Though it is the state’s responsibility to provide a substantial share of school funding, Texas relies heavily on local property taxes to fund our schools. Because property values vary greatly from one community to the next, some districts are better able to generate funds to support education than other districts. After decades of legal challenges, the Texas Legislature established the recapture system to mitigate these inequities.
Recapture is working as intended — to level the playing field between districts and give more Texas students the chance to compete and succeed in life. Before recapture, the 100 wealthiest school districts had, on average, nine times as much funding as the 100 lowest-wealth districts. The most recent Texas State Supreme Court ruling found these wealthy districts now, on average, have only 1.26 times as much funding as the property-poor districts. This is not perfect equity, but it is a great improvement. As long as school funding is based on property wealth, we need recapture to maintain equity in the school system.
Recapture gets a bad reputation because Texas public schools are so severely underfunded. The lack of funds means that many property-wealthy districts find themselves lacking sufficient funds to meet the growing needs of their students, while still being required to send funds back to the state. The formulas used to determine the guaranteed level of per-student funding are outdated and do not reflect the true cost of providing high-quality education. As a result, some districts have seen their recapture payments grow—and more districts have fallen subject to recapture.
Focusing on recapture instead of how to adequately fund our schools is like cutting off your hand because of a splinter.
Updating the formulas to reflect actual costs, adjusting for inflation, and slowing charter school growth will all reduce recapture while increasing the resources districts can direct toward improving student outcomes.
To make meaningful long-term investments in our schools, Texas needs a revenue system capable of meeting all the state’s budget priorities. Here are some suggestions for improving the revenue system:
Scrub the tax code to remove outmoded or wasteful exemptions:
There are several places in the state tax code where lawmakers could find additional revenue. For instance, the “high-cost” special treatment for natural gas production reduces the tax rate of costly gas wells. Lawmakers created the exemption in 1989, when the natural gas industry was weak and needed incentives to expand drilling. But now the natural gas industry is strong and the incentive, which cost the state $368 million in lost revenue in 2017, is no longer needed. Lawmakers should repeal it in 2019.
Similarly, school districts can grant a local percentage homestead exemption of up to 20 percent, in addition to the statewide school homestead exemption of $25,000. A homestead exemption is a tax break for a homeowner’s primary residence. Lawmakers created the local-option exemption in 1981, when the current appraisal system began and all property was, for the first time, appraised at its full market value. The intent was to cushion the “sticker shock” felt by homeowners by their newly increased appraisals. But the transition to a new system is long over, and lawmakers should repeal the exemption, which cost the state $636 million in 2017.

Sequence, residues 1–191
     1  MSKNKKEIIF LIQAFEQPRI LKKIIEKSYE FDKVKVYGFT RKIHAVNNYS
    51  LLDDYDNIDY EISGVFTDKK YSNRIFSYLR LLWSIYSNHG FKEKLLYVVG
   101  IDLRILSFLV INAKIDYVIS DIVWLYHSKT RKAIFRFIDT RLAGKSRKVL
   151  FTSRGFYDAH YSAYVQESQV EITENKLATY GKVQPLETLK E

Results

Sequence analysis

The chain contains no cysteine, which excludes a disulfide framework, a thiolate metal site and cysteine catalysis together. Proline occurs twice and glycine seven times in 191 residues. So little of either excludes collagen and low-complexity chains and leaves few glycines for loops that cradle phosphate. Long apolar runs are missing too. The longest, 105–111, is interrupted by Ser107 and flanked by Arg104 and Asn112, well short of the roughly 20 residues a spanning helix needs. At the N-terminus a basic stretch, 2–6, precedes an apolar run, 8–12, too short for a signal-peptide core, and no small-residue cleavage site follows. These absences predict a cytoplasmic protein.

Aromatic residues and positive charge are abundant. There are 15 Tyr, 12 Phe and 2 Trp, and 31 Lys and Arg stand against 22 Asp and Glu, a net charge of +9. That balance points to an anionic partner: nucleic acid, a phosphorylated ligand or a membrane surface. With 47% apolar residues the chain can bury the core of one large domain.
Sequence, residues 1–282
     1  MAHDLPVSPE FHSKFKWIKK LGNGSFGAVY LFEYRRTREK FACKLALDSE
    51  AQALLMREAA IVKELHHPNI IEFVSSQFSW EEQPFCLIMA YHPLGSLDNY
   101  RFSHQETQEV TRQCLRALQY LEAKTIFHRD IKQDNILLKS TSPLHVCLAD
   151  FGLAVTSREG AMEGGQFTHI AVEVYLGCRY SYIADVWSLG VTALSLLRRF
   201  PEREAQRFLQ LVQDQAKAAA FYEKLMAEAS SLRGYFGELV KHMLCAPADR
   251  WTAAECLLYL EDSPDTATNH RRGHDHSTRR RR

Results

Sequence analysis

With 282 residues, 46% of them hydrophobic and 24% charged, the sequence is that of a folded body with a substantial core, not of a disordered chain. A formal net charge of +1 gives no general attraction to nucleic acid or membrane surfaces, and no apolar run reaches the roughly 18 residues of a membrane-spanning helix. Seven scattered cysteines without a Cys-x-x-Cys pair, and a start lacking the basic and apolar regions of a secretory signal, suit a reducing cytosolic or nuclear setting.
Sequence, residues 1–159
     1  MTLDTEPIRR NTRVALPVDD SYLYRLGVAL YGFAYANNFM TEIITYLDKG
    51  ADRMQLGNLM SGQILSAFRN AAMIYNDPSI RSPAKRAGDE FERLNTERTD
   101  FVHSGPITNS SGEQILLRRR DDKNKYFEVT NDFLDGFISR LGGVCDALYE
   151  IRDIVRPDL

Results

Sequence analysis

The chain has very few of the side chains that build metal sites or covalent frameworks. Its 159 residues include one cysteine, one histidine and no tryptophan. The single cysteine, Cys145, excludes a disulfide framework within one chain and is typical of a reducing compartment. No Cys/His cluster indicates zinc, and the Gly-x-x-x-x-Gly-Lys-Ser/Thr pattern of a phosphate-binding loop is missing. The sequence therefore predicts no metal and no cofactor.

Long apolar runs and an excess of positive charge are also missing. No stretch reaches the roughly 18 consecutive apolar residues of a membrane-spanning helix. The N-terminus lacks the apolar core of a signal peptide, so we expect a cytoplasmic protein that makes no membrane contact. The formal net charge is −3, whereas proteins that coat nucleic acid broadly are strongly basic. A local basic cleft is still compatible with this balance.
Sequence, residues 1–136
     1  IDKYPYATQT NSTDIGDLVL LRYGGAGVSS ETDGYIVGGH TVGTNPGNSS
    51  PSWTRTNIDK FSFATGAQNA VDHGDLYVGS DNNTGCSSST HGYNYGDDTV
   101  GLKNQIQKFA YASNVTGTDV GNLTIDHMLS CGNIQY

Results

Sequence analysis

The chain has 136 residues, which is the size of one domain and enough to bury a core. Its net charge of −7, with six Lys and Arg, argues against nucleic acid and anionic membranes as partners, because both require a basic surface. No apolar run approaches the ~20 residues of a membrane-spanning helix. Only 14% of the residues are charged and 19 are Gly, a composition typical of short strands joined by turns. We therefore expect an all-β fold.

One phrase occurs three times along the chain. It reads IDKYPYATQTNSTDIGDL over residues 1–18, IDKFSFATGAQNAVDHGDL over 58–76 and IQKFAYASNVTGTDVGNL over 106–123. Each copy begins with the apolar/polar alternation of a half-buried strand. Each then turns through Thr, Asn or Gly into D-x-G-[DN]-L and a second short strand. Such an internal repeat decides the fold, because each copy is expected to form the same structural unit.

Modernize the sales tax:
The sales tax is the largest source of tax revenue for the state, so it is key to providing sufficient support for our schools. Lawmakers approved the sales tax in 1961, and it still largely reflects the manufacturing economy of the 20th Century. The modern economy is a service economy, and lawmakers should update the sales tax to include the many business and professional services that are currently excluded from the sales tax. These include such services as lawyers, accountants, and stockbrokers – all of which benefit from public services and should therefore pay their fair share. Taxing these services (except those that are health-care-related) could have generated $3.4 billion in 2017.
Bring tax rates up to date:
Many state taxes still have rates set decades ago and have not been updated to reflect inflation. For instance, the tax rates on beer and other alcoholic beverages have not been changed since 1984, when they were raised to help pay for previous, important school finance reforms. Similarly, lawmakers last increased the state gasoline tax (20 cents per gallon) back in 1991, when gas cost just $1.00 a gallon. Raising alcohol, gasoline, and diesel taxes by 50 percent could have increased state revenue by $1.9 billion in 2017.
Texans pay taxes forward, not for immediate exchanges for public goods, but so we can have them available in the future. As our children grow and public education needs change, we all participate in this system of forward exchange. Texas businesses benefit from the taxes our parents and grandparents paid in the past through highways to move products and an educated workforce. We should all support budgets that plan for the needs of the future.
We encourage the Texas Public School Finance Commission and lawmakers to consider these methods for raising revenue to support public schools.